Mayo have the necessary resources to defeat Tyrone and return to the final stage
Tyrone’s defensive focus will distract from the need to put up a challenging score
Mayo’s Cillian O’Connor celebrates scoring his second goal against Donegal. He has developed into one of the best finishers in the game. Photograph: Morgan Treacy/Inpho
Mayo come into this match with one of the strongest motivations, having lost last year’s All-Ireland final. It’s a powerful focus for mature minds and one of the differences between Mayo this year and 12 months ago.
It’s a tribute to James Horan that he was clear-minded enough after losing an All-Ireland final to sit down and make the right long-term calls to improve the team’s chances for this championship.
On the field they have got better. Donie Buckley as a new voice on the training ground is a significant reason for this because the team’s style of play has improved and has a pace and style that wasn’t there in 2012 in terms of kicking, passing and movement.
The only player I felt was a bit short in these areas in the quarter-final was Andy Moran, who’s still catching up after injury with match practice at the highest level.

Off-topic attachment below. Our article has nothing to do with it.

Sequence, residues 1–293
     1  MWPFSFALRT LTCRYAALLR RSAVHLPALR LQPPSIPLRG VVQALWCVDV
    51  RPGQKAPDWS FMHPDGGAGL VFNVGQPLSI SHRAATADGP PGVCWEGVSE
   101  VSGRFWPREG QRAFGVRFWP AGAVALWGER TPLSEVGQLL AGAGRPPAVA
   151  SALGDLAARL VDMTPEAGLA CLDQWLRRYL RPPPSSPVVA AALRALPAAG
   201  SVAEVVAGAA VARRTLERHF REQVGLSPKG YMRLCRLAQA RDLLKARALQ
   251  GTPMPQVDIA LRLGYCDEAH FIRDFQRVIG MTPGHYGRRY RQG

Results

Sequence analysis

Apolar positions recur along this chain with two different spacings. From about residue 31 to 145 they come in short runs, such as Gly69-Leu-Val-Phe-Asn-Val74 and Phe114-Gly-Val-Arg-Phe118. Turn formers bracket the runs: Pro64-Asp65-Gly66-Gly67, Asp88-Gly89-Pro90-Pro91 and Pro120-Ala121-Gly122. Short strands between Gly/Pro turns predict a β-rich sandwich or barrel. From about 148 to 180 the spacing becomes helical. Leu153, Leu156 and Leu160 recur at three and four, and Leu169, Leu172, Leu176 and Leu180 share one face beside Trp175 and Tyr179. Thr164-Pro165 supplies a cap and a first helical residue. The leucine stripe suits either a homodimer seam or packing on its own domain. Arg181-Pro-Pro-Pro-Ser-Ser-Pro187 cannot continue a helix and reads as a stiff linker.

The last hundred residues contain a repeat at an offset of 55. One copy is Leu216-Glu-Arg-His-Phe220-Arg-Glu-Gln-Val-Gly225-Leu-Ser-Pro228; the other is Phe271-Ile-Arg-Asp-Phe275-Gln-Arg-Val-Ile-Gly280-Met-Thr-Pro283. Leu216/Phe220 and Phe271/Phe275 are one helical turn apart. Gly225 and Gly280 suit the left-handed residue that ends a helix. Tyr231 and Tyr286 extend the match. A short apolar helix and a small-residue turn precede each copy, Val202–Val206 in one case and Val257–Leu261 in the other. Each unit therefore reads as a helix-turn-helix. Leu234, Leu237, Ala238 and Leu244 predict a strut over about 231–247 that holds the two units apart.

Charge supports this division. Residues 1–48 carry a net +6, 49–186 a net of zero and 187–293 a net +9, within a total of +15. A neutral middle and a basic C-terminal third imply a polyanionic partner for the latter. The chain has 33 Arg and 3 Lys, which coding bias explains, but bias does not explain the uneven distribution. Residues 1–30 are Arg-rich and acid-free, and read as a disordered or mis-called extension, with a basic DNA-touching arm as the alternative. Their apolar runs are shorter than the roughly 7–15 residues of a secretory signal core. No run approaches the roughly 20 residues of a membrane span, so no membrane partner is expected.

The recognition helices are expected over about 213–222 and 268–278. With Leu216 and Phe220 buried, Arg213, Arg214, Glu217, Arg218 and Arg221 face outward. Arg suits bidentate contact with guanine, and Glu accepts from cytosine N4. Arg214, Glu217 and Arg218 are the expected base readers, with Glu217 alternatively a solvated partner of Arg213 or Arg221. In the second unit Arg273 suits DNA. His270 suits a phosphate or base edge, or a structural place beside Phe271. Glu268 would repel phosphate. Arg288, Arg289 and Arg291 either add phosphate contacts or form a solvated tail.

Their defending has been very impressive with full backs marking much tighter, winning 50-50 balls and bursting out in front of their opponents. Forwards are putting in a huge effort tackling, maybe fouling at times, but contesting possession nearly all of the time.
Tyrone haven’t been at that level this year. During the league I felt that they were a top-four team and they’ve backed that up but this looks a step too far.
Mickey Harte’s taken them through the qualifiers’ route, which provides an excellent learning curve and is an excellent way of building spirit. They will be difficult to break down.
But I suspect they will also be so preoccupied with defensive strategy, in particular limiting goal opportunities that their attacking game could suffer. They are too reliant on Seán Cavanagh at midfield, registering big scores from play, which is a huge ask for a midfielder at this level of championship.
They’ll also be looking to Stephen O’Neill to produce his best – or at least, better – form, which we haven’t seen so far. But regaining form in an All-Ireland semi-final is not easy.
This will be quite a tactical battle because Mickey Harte has to set up to stop Mayo getting into their stride. But dropping half forwards back could backfire because the Mayo half backs are such a threat getting forward. Then the big question for Mayo is how to break down Tyrone if their defensive game is in good shape.
For all that veteran players like Conor Gormley and Joe McMahon don’t have pace they’re so experienced they rarely get isolated at the back and with excellent players like Conor Clarke and Peter Harte in the centre of the defence and the Donnellys dropping back it won’t be easy to pull Tyrone apart.